Photo: Charley Gallay (Getty Images)

When the U.S. Copyrights Royalty Board voted to increase songwriter payouts by 44% between 2018 and 2022, Spotify was one of four major streaming companies (along with Amazon, Google, and Pandora) to appeal the ruling. Though they continue to oppose the decision, they are now using language from the new policy to claim that they overpaid publishers because there is never a shortage of ways to flex one’s audacity. Now, they are asking to recoup the alleged surplus.

The new ruling provides streaming platforms with three different models for determining royalty rates, of which the platform would pay according to the highest payout. One model uses a flat rate per subscriber, equating premium family plans to 1.5 users and deeply discounted student plans .5 of a subscriber. Based on this math, Spotify is claiming to have overpaid by millions.

Advertisement

A spokesperson from Spotify said in a statement to Music Business Worldwide: “According to the new CRB regulations, we overpaid most publishers in 2018. While the appeal of the CRB decision is pending, the rates set by the CRB are current law, and we will abide by them–not only for 2018, but also for future years in which the amount paid to publishers is set to increase significantly.” But the streaming giant doesn’t plan on recouping the funds all at once; they plan to garnish the amount from royalty checks to publishers through the end of the year in order to “minimize the impact.”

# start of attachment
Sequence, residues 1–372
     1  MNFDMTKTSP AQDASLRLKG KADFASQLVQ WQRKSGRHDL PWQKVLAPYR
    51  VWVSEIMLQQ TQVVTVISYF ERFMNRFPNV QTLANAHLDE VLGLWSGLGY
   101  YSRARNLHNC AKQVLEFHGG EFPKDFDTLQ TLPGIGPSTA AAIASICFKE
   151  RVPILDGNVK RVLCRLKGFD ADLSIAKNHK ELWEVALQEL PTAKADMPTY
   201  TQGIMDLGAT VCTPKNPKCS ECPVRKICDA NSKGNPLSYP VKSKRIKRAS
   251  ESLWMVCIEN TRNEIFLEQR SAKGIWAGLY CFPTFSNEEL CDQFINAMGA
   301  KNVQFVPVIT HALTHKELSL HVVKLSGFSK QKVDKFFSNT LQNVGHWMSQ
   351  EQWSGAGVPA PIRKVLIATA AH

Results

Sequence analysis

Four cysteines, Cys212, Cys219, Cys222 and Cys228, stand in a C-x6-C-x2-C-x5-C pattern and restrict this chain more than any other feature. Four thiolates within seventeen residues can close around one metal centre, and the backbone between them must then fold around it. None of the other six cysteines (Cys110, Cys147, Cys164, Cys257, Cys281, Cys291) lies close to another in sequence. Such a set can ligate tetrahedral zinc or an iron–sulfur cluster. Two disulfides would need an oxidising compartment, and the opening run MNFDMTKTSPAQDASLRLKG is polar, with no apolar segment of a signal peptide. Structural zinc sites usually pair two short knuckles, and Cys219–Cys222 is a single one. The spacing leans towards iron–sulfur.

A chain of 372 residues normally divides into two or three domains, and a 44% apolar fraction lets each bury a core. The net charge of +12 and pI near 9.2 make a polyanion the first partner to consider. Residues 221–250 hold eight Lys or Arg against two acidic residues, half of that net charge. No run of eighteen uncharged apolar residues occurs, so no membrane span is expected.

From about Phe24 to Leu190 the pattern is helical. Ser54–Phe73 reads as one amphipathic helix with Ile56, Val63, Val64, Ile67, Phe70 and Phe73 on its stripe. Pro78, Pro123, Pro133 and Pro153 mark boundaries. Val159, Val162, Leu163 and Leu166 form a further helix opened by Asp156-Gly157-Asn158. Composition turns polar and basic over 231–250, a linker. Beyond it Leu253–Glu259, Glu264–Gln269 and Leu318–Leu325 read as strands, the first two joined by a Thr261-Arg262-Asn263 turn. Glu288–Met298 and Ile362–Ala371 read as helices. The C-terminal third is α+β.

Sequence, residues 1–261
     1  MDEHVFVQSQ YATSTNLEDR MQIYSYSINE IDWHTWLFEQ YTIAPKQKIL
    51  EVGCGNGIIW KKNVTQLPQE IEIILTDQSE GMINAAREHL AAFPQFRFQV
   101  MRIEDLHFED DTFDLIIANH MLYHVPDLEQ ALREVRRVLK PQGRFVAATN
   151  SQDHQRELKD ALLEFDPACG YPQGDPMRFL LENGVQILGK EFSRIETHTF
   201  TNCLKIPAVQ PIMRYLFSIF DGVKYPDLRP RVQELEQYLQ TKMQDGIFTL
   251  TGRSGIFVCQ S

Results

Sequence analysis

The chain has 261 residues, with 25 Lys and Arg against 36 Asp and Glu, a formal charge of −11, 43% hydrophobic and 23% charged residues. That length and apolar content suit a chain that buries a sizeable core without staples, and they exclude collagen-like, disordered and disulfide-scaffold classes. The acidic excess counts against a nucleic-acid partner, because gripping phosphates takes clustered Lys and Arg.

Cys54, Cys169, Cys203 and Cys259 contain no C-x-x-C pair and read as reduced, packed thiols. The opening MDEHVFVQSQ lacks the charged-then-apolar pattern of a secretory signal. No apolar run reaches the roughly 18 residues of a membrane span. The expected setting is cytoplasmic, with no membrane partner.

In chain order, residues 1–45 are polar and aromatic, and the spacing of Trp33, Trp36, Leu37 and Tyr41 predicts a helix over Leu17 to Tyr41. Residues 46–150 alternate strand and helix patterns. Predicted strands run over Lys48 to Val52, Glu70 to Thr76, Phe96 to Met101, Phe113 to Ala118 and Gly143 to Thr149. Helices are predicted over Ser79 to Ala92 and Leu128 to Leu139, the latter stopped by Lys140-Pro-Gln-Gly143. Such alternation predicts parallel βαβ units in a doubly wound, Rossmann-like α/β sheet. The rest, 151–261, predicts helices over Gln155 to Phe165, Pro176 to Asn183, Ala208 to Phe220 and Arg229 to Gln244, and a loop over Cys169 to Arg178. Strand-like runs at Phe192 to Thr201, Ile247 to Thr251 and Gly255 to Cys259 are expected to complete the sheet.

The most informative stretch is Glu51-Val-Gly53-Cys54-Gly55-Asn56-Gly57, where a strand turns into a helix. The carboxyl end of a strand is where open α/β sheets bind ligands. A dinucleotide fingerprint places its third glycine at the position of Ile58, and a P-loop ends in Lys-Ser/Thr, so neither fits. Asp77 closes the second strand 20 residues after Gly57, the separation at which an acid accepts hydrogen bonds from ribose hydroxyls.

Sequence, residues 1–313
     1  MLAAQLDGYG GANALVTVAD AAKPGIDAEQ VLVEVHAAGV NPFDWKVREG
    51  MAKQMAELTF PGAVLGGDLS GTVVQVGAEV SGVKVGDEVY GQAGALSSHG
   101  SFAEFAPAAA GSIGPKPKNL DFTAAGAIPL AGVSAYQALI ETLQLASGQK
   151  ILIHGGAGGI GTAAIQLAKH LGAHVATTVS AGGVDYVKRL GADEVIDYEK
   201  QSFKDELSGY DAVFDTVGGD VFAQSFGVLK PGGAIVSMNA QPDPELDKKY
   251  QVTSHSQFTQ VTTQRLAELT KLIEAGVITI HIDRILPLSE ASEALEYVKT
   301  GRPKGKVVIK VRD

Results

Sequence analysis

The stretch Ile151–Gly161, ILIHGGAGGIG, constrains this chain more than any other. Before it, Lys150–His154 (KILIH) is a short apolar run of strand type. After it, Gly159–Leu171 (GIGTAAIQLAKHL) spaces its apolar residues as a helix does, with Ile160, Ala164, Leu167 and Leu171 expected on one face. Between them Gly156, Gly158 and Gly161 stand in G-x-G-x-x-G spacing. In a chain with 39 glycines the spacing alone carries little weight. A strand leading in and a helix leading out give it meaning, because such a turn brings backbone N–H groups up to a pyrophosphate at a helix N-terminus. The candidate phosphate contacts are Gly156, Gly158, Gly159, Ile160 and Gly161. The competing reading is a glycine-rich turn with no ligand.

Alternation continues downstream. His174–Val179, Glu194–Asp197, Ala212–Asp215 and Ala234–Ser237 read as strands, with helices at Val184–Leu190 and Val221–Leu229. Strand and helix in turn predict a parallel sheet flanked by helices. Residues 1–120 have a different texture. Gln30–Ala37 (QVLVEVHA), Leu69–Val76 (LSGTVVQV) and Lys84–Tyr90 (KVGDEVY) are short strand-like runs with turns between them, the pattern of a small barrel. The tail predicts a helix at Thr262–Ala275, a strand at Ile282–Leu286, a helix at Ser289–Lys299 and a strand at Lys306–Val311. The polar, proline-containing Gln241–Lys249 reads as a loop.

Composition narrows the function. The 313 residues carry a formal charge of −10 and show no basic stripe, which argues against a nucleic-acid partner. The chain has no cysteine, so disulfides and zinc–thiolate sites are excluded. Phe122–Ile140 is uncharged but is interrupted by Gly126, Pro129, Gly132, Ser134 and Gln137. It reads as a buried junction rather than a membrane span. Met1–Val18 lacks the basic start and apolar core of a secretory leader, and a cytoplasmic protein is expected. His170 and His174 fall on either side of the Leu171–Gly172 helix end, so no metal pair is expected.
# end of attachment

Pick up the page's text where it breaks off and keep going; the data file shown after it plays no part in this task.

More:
David Israelite, the CEO of the National Music Publishers Association, took a moment to blast Spotify’s decision to take money back from publishers while still combating the very rule they’re exploiting: “I find it so hypocritical for a digital service that is appealing the CRB decision to then take advantage of the parts of that decision that benefit it. I guess we shouldn’t be surprised.”

We’re sure that the publishers will totally sympathize with this corporate tantrum and not fight back at all. Meanwhile, Apple Music has yet to join the appeal.